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Phil Monroe Office

I’ve just moved my office here at the seminary after having been in the same office for 10 years or so. Several months ago I began the move process by weeding my library and paper files. But even as I moved this week into my new digs (for graduates, the counseling department is in the old development office building next to the main building), I am still sorting stuff and deciding whether to keep or throw the various and sundry items I’ve collected over the years.

Here are some of the items I’ve come across for the first time in a while:

  • A plastic box full of my raw data from my doctoral dissertation
  • Notes from classes I’ve taken some 20 years ago
  • Cassette tapes of my first professional conference presentations
  • Miscellaneous articles I’ve read and thought, “wow, that would be good to use in a class”
  • A briefcase of articles and writing drafts on Multiple Personality Disorder back in 1993

Are these treasures or trash? And maybe the most important question is why I feel the urge to keep these old obsolete items. Some of these items (my dissertation raw data and cassette tapes) represent massive portions of my life as I was working to accomplish the goal of getting the position I now have.  Others hold little sentimental value but trigger that little portion of my brain that say, “Maybe I might use this in the future.”

As I have been contemplating my choices, I’ve also considered how this might be a life lesson.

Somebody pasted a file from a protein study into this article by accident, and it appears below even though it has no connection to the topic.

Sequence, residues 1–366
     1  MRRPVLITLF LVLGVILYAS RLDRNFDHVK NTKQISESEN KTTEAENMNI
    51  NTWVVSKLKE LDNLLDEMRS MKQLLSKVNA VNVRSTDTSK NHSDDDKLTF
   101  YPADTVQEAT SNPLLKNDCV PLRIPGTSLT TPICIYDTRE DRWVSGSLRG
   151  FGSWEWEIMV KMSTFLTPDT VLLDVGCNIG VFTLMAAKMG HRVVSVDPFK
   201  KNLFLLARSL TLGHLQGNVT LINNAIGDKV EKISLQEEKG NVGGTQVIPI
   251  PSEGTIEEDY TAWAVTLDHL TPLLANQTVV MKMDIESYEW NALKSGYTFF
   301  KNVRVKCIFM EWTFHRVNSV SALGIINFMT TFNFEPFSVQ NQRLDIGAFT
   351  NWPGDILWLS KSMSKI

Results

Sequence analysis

Let Go!

What do you hold on to in your life that may need a good heave ho? We all carry some old baggage from yesteryear: shame, guilt, bitterness, or fantasies of the life we thought we would live?  There are times we create symbolic monuments that serve only to weigh us down and heap discouragement on our souls. Maybe for you, a memory keeps coming back from your past, a memory that reminds you of a failure. And when that memory comes back you repeat a well-rehearsed story line ensuring that you will continue to use that failure to define you present life.

Might it be possible to toss that storyline and practice a new one that is in closer keeping to God’s story about you? Imagine the Israelites continuing to remember their failure to avoid idolatry in this manner: “We’re the people who served idols and wandered in the desert for forty years. We’re the people who forgot God and were carried off by the Babylonians.” Although true, this storyline is not the whole truth. The whole truth includes a new narrative, “We’re the people God has pursued and rescued.” Period. End of story.

Keep It!

Some of the stuff we don’t use anymore still may serve a good purpose. When I look at pictures of my wife on her wedding day I remember the 23 years of God’s faithfulness. Even a pile of useless dissertation material reminds me how God saw me through a doctoral program and paved the way for a great job here at Biblical. It is easy to forget these mercies and gifts. So, feel free to keep a few Ebenezers to remind you of God’s handiwork in your life.


Phil Monroe is Professor of Counseling & Psychologyand Director of the Masters of Arts in Counseling Program at Biblical. He also directs Biblical’s new trauma recovery project. You can find his personal blog at www.wisecounsel.wordpress.com.

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